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This answer has tips on how to do it on Gnome or Vim, but these don't work on KDE. This bug shows that KDE don't support the ISO notation with Ctrl+Shift plus the character's hex code. Is there any other way I can do this with a keyboard (that is, without copying and pasting)?

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3 Answers 3

Memorising hexcodes is madness. Use the compose key instead. It lets you combine characters in a mnemonic way. This is a feature of X, not just KDE, thus works everywhere. Some examples:

  • Compose, v, C   →   Č
  • Compose, ´, E   →   É
  • Compose, _, u   →   ū
  • Compose, ^, i   →   î
  • Compose, ,, S   →   Ş
  • Compose, +, o   →   ơ
  • Compose, ;, a   →   ą
  • Compose, U, g   →   ğ
  • Compose, ", u   →   ü
  • Compose, °, A   →   Å
  • Compose, ~, N   →   Ñ
  • Compose, +, -   →   ±
  • Compose, ., >   →   ›
  • Compose, ., .   →   …
  • Compose, ., =   →   •
  • Compose, P, !   →   ¶
  • Compose, !, ^   →   ¦
  • Compose, !, !   →   ¡
  • Compose, ?, ?   →   ¿
  • Compose, s, s   →   ß
  • Compose, o, e   →   œ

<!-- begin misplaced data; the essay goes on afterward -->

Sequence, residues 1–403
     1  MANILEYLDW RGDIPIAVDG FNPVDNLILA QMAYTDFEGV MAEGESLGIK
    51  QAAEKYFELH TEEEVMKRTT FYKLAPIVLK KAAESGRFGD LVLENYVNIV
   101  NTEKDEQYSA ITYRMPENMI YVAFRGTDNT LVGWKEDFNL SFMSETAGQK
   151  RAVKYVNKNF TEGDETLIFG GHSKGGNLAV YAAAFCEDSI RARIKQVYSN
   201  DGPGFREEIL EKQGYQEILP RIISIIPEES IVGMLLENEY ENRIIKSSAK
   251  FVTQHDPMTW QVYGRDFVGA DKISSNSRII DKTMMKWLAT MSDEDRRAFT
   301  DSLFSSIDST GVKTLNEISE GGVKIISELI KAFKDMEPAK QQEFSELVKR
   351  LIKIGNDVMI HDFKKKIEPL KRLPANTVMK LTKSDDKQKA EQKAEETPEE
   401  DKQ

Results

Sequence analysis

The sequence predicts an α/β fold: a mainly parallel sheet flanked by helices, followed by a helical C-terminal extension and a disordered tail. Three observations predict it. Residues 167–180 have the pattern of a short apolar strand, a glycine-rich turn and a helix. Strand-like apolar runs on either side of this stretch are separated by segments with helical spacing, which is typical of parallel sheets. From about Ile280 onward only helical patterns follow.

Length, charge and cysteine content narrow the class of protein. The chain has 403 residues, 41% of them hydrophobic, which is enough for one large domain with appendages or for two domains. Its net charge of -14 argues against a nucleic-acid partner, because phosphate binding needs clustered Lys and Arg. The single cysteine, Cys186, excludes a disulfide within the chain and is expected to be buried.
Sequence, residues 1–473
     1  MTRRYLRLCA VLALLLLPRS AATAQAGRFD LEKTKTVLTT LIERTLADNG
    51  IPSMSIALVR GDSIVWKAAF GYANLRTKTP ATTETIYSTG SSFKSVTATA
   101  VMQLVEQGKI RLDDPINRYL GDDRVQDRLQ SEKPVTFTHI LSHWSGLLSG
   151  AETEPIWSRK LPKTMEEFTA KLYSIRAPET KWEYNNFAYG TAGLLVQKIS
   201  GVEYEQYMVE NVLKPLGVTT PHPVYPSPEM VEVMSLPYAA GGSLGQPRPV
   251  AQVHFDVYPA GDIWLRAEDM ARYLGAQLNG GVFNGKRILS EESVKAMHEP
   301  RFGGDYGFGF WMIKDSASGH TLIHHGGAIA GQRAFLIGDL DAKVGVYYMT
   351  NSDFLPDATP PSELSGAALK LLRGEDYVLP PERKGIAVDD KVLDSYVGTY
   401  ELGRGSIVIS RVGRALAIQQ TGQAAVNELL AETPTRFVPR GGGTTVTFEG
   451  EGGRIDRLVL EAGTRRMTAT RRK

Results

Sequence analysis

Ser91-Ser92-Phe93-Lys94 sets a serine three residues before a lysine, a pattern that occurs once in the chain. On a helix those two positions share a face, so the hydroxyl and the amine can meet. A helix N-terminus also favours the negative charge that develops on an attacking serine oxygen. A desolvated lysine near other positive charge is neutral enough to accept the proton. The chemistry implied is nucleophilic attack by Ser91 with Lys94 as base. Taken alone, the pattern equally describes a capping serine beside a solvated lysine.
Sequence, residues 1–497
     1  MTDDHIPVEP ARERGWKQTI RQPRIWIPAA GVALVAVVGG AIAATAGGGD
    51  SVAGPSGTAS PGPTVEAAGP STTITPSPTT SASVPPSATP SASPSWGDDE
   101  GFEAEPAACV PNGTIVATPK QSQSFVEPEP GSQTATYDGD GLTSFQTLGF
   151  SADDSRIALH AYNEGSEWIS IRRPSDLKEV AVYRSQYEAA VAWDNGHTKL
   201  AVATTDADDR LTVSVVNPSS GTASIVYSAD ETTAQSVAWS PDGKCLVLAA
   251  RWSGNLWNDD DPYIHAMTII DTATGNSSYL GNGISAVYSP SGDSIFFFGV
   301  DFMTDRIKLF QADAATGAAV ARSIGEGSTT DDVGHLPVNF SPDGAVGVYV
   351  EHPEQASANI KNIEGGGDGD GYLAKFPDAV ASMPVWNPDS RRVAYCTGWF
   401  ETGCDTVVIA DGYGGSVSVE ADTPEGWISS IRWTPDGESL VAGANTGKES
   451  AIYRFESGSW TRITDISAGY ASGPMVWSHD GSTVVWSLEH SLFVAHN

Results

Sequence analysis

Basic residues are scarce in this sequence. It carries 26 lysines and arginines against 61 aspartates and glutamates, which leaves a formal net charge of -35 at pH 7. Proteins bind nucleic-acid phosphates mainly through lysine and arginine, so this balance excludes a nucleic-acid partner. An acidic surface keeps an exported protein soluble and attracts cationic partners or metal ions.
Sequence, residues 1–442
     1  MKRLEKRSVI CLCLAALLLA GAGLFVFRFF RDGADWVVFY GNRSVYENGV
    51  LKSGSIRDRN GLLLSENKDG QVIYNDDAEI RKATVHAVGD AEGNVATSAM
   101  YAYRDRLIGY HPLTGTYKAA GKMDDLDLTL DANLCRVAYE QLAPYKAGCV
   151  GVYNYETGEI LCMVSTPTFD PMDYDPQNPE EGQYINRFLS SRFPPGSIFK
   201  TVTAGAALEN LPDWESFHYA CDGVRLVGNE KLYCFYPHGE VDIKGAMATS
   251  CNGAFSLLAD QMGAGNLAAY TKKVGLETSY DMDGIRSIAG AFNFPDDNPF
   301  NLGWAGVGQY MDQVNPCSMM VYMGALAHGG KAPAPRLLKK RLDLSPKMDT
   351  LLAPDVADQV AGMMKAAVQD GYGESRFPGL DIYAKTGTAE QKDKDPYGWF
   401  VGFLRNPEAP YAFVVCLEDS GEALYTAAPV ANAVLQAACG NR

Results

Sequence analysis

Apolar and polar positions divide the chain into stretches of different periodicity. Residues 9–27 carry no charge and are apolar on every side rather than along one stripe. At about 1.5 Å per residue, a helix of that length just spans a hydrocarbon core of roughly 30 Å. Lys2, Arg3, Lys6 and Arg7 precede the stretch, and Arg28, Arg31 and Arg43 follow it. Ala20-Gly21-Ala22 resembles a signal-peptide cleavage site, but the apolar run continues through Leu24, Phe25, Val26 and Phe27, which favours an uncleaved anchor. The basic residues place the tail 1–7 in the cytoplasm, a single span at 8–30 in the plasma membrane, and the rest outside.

• Compose, O, E   →   Œ
  • Compose, a, e   →   æ
  • Compose, A, E   →   Æ

Each key is typed sequentially without holding down. See the file /usr/share/X11/locale/en_US.UTF-8/Compose (online, 124 KiB) for the whole list. You can define your own compose sequences in your ~/.XCompose file (example).

Since I do not have a Sun keyboard, I do not have a physical Compose key. I remap the useless Caps Lock key as logical Compose key. Change this in System Settings → Region/Language → Keyboard Layout (kxkb applet) → tab Advanced → section Compose key position, or run the command setxkbmap -option compose:caps.

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+1 "Memorising hexcodes is madness." → Couldn't agree more, but I'm surprised that my compose file doesn't contain some useful characters, like ✓ (u2713). The GitHub you linked to is supremely useful. –  mehaase Aug 18 '14 at 16:53

Here is the KDE bug on the issue: https://bugs.kde.org/show_bug.cgi?id=103788

I addressed this issue in an article that deals with typing RTL text. Although in most common desktop environments Unicode symbols can be typed by holding the Alt key and pressing the numeric keypad plus sign then the Unicode value in hex, KDE users cannot use this method as KDE relegates responsibility for implementing this feature to Xorg, and Xorg relegates to Qt, and Qt relegates back to Xorg.

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Have a look at this article: Unicode Easy Keyboard Layout for XKB

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